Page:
Blog for Later in Life Moms Over 35


Our group for later in life moms features mothers and experts sharing.  We share about living life fully over age 35, and write not just about parenting experiences, but life, growth, aging, etc.

Given Robin’s personal passion for sharing cool finds, travel destinations, unique attractions and theatre going, she and others write periodic reviews of products, services, trips, Broadway and Off Broadway shows and other forms of entertainment, attractions and leisure pursuits….whether for kids, moms or couples.

If you’d like to submit a topic, product, destination, event, show or attraction for consideration, write robin@motherhoodlater.com.  Happy to hear from you!

Click to determine which type of writing opportunity is best for you.

6 Reasons Jewelry is a Great Way to Celebrate Motherhood


Wednesday
December 4, 2019

 

 

Mothers are an epitome of unconditional and selfless love. Every day of their lives, they dedicate time, effort, and resources to taking care of their children. Some who began their journey later in life may feel they have that much more to be grateful for because their road to parenthood might have been a challenging one.

A piece of jewelry can be a meaningful way to celebrate this beautiful journey. Mothers do not have to wait for a special occasion or for somebody to give it to them. Now is the time for mothers to choose to reward themselves for all that they do.

Jewelry may be more expensive than the usual things mothers buy for themselves, but it is worth the investment because of the following:

  1. Jewelry is Timeless

Trends come and go. Clothes go out of fashion, but the charm of jewelry transcends time.  In every season of her life, a trusted piece will be her ally as the years go by.

  1. Jewelry is Customizable

What better way to express oneself than through customizable jewelry? A mother may have her birthstone set on a ring. Further, she may ask the jeweler to add birthstones of her … Continue reading..



Other Than We: Show Review by Jo Mispel


Monday
December 2, 2019

‘Other Than We’ is a very satisfying cli-fi (Climate-fiction) experience. It is a playful but powerful meditation on some of the more urgent philosophical questions we need to ask as we approach ecological catastrophe. Not just how did we as a species bring this crisis upon our biosphere, our home, but how indeed do we move forward and birth new ways of being that will adapt and recognize our deep interconnectedness.

Written and Directed by Karen Malpede, and performed by the Theater Three Collaborative, she co-founded 33 years ago, ‘Other Than we’ is set in a future a few years after a singularly catastrophic event called ‘The Deluge’. Karen, who has long advocated for ‘a unique theater of witness, eco-feminist aesthetic’, uses this backdrop of scarcity and uncertainty, violence and surveillance, to weave together an essay on consciousness, language, evolution, life, and death. How does life evolve and have meaning in this uncertain future?

Our four characters live a minimalist but gritty existence inside ‘The Dome’, a hermetically sealed space for the privileged few. Outside is a dangerously hot, radiated, denuded, unknown. Donald Eastman’s set design evokes just enough sci-fi grunginess simply using movable platforms of scaffolding. Lacking in warmth … Continue reading..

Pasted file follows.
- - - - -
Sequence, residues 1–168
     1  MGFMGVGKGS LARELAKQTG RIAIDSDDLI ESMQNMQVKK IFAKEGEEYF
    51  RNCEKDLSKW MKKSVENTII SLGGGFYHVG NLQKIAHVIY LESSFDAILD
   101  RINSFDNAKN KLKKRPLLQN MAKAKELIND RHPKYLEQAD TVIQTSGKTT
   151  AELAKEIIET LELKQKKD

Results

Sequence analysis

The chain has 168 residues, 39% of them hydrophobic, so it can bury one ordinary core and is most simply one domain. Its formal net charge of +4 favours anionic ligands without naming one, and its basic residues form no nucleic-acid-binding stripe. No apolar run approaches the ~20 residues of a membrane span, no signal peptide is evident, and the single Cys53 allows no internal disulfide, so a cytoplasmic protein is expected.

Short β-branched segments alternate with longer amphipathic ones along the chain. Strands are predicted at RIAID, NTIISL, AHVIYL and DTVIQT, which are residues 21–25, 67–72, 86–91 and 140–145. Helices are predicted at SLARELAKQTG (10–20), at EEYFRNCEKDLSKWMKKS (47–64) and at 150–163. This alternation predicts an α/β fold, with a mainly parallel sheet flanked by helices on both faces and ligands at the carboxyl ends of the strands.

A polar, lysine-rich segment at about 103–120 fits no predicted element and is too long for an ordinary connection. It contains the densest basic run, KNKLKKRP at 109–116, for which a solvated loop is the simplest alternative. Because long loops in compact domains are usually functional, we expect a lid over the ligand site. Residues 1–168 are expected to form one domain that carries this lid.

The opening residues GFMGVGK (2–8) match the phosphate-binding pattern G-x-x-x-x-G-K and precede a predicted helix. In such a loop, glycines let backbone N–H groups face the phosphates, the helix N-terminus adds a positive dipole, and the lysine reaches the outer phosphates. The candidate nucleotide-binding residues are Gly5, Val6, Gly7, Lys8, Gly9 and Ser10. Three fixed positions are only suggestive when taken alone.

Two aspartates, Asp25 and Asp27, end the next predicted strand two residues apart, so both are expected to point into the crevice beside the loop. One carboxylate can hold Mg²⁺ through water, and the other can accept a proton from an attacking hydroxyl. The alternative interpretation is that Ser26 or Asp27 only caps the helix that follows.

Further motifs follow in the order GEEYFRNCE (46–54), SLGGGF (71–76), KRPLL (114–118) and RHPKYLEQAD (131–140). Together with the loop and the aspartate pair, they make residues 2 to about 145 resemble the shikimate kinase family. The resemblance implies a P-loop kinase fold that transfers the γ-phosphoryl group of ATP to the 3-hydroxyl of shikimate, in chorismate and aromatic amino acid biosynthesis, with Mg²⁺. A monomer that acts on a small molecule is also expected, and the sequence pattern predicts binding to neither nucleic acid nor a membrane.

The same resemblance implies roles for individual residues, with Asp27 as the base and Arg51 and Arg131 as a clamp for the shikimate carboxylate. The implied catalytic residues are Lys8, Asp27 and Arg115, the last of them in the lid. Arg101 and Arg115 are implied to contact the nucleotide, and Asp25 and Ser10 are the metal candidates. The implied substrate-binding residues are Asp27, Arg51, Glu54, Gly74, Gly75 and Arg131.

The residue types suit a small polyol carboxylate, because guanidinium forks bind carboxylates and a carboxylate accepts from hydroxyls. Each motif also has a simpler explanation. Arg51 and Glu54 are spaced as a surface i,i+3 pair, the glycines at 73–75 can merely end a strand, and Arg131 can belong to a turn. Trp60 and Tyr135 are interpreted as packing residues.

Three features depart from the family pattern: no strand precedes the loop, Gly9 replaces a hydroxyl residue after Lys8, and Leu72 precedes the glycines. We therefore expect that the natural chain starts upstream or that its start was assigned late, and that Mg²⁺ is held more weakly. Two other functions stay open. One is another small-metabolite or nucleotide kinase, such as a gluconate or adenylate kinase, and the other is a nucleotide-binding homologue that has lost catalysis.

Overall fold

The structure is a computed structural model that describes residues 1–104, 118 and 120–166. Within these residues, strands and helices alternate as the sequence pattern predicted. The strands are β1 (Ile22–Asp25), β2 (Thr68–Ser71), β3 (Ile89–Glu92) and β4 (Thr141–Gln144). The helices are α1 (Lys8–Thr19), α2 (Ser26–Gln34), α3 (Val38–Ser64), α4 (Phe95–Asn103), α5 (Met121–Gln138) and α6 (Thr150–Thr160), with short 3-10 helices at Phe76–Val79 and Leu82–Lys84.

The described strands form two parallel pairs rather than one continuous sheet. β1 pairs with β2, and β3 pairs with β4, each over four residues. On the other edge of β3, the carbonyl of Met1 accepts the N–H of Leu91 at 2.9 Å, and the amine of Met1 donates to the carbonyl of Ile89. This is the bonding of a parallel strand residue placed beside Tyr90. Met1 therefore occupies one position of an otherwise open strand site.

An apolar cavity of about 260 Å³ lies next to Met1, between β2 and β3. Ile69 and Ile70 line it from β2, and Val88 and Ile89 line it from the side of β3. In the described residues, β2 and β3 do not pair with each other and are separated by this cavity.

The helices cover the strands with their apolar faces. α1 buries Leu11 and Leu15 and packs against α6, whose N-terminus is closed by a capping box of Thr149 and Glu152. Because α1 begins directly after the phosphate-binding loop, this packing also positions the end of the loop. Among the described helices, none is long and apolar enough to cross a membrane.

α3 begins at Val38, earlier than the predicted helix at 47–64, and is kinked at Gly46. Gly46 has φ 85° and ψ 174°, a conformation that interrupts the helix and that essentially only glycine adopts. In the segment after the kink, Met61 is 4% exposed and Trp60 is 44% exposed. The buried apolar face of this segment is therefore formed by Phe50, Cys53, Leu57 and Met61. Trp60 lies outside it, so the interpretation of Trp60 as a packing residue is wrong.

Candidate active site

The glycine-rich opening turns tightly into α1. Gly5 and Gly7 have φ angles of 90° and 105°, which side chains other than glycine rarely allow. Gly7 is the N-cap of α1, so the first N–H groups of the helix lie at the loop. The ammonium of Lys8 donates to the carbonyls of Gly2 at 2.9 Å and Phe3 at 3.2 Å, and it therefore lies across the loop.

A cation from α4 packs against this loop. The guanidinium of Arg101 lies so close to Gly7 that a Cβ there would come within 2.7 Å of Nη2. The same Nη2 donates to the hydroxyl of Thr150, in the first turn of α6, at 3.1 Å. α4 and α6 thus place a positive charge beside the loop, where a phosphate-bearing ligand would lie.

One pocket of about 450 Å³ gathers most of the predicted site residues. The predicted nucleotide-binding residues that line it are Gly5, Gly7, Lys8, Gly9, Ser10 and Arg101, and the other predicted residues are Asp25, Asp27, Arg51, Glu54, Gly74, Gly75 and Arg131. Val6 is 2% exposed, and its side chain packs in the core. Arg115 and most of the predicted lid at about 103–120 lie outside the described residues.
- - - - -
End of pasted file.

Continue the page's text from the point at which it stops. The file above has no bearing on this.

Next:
HOOKED ON HAPPINESS: Show Review by Jo Mispel


Thursday
November 21, 2019

THEATER FOR THE NEW CITY (TNC) is an amazing East Village cultural center that has been running since 1971 and has won 43 Obies and a Pulitzer Prize. It is a wonderful Off-Off-Broadway space, publicly funded and forever giving back to the community with a variety of educational programs. One feels immersed in the historical narrative of downtown creativity once inside the huge, four theater, building.

TNC produces a prolific amount of new plays each year, many from new and emerging playwrights, and usually with a political lens. I visited this eclectic theater last Friday to see Tom Attea’s new musical “Hooked on Happiness”. This was not Tom’s first play however, in fact, he has had a long connection with TNC having had 14 shows performed there.

“Hooked on Happiness” promotes itself as “The Musical for a cooler planet’ and is about a group of high schoolers who, with the support of their drama teacher, want to put on a play about the climate crisis. A provocative subject choice as most come from conservative and evangelical families who are staunch denialists. This premise interested me greatly, and I was eager to witness what might come of this clash.

The theater … Continue reading..



SLAVA’S SNOWSHOW: Broadway Review by Hanna Singer


Thursday
November 21, 2019

Your perception of clowns and mimes will change after seeing this show!

I had the opportunity to take my daughter to the opening night of  SLAVA’S SNOWSHOW on November 13th at the Stephen Sondheim Theatre on Broadway. All I knew about it, was that it had clowns and mimes. I have to admit, I had not been the biggest fan of either mimes or clowns until now. But I thought, well, perhaps my daughter may like it, and an opening night event should be fun.

During most of the show I sat in awe. I often smiled hugely, and was thrilled by the uniqueness of it all. It was often unbelievably clever and funny and a few times moving, when I teared up.